A few recommendations for the short run:
Be very cautious about expanding the size of the board beyond the current four members. The requirement of unanimity in decision-making is understandable, but the larger the board the greater the risk of crippling gridlock. A representative from an international financial institution could be considered, or perhaps the European Union (possibly with a view toward consolidating the $2 billion of Afghan central bank reserves held in Europe into the Fund), but adding more than one or two members with a requirement for unanimity in decisions most likely would turn out be unwieldy.
Lean but effective management will be key. The quality of the Fund’s manager will make the difference between success and failure, based on experience with other, more complex trust fund arrangements such as the relatively successful Afghanistan Reconstruction Trust Fund. Making the right selection may be one of the board’s most important — and earliest — decisions.
The decision-making process for Fund actions needs to be clear and well-documented. It can be simple, given the likely limited number of discrete disbursements that will occur, but it should include a short description of the action being taken, its expected results, and an ex-post assessment by the Fund of what was achieved and any lessons learned.
An advisory committee may be needed to offer the board practical experience and expertise. It is important, however, that this body does not become an arena to debate political viewpoints.
A credible, outside entity should be hired to evaluate the Fund’s actions and results. Financial audits are already required by Swiss law, but a broader assessment by an independent party would strengthen accountability and boost the Fund’s credibility.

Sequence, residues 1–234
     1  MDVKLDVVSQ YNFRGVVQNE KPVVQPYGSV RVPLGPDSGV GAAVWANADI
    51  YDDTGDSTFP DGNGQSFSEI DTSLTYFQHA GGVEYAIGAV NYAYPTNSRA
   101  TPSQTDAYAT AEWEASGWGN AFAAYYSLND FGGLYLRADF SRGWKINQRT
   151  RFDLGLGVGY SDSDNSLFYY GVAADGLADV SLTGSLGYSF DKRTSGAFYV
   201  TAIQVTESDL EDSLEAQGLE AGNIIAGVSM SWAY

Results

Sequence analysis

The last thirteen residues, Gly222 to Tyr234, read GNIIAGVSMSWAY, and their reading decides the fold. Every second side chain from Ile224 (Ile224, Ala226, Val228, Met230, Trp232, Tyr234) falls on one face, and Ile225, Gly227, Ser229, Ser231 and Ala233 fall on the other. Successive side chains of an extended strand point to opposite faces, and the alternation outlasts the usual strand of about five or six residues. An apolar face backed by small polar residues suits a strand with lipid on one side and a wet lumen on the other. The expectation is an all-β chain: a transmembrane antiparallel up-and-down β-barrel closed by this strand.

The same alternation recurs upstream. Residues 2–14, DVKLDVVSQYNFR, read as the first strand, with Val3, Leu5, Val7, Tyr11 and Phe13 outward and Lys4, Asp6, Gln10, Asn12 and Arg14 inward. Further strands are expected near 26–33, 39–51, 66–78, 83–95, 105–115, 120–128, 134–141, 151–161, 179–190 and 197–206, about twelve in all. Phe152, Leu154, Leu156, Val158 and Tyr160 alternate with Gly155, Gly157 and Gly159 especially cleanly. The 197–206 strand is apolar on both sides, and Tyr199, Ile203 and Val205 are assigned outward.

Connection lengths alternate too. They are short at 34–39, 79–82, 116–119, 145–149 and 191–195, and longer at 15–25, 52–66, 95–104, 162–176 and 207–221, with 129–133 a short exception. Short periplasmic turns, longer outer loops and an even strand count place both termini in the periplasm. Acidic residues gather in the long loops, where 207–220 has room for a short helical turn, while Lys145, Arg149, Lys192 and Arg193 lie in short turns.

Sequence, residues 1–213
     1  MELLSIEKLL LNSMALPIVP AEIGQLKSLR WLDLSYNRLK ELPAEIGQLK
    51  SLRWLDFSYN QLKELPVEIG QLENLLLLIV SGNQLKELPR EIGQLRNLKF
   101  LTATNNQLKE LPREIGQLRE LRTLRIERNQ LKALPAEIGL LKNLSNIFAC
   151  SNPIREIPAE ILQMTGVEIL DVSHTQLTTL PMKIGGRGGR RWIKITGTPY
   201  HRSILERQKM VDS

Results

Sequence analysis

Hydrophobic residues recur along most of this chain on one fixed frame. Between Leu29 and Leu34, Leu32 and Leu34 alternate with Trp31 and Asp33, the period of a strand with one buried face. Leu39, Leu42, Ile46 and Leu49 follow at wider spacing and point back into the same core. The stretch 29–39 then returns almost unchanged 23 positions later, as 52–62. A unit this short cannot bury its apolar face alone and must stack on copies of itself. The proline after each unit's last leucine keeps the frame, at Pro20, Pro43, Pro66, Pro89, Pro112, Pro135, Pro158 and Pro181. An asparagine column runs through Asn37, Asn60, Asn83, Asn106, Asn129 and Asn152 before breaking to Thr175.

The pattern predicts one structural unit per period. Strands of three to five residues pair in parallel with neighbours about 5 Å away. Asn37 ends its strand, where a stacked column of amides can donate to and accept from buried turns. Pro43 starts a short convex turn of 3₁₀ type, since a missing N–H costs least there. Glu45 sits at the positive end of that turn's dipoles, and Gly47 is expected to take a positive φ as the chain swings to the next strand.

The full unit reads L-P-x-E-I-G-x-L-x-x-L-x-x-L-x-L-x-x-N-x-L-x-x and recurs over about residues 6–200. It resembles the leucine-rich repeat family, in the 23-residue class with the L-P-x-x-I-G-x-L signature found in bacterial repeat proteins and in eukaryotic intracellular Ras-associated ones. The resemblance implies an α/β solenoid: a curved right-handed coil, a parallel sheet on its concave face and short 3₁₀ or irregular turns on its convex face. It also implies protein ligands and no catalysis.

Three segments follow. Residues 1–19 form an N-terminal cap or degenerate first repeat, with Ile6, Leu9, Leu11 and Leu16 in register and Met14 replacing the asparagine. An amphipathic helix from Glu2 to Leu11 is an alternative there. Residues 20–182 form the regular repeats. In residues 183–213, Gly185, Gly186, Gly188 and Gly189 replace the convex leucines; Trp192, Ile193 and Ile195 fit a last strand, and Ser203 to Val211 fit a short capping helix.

The Fund must operate with the maximum possible transparency. Given the highly unusual nature of the Fund, making its decisions, main processes and results available to the public will be essential to its credibility and success.
Once the Fund is on a sound footing and operational, beyond small, targeted disbursements, it could explore the possibility of leveraging its size and status to support trade financing and cooperative arrangements with state-owned banks of Afghanistan’s neighboring countries. Such agreements would promote smooth cross-country commercial banking transactions, without necessarily using significant amounts of the reserves for these purposes.
Looking Forward, the Taliban Need to Step Up
Over the longer term, the objective according to both the U.S. and Swiss announcements, is to preserve most of the reserves for their eventual return to DAB. However, the United States said that it will not support return of these funds until DAB demonstrates its independence from political influence and interference, and that it has instituted adequate anti-money laundering and countering-the-financing-of-terrorism (AML/CFT) controls, as well as completing a third-party needs assessment and taking on board a reputable third-party monitor.
During the final years of the pre-August 2021 Ghani administration, DAB was gravely weakened by politicized personnel changes and micromanagement, triggering a flight of managers and professionals that accelerated after the Taliban takeover. As a result, DAB currently has very limited capacity and its top leadership team consists of senior Taliban figures, one of whom is under U.S., U.N. and EU counterterrorism sanctions. Given the lack of external monitoring and the end of the IMF program, which had provided support and oversight to DAB before August 2021, the institution would face serious challenges in managing and making productive use of any reserves it receives.
Moreover, rapidly dissipating the reserves for short-term needs would squander this important buffer and leave Afghanistan no better off. A proper use of Afghanistan’s central bank reserves — or those of any country — is to cushion and manage macroeconomic adjustment. In Afghanistan, for example, running down reserves gradually would give the economy precious time to adjust to the loss of aid. Reserves also provide a backstop for the commercial banking system, which requires they be maintained at a decent level.
What is needed to strengthen DAB is clear enough: reaffirming its legal autonomy, which is enshrined in current Afghan law; appointing a well-qualified, non-political leadership; bringing back as much of its veteran professional, technical and managerial staff as possible; and drawing on external technical support and oversight as needed.
The eventual return of the reserves to the DAB, and to a large degree Afghanistan’s economic stability and revival overall, will depend on seeing those reforms implemented. Only the Taliban can decide whether it will go ahead and do what needs to be done.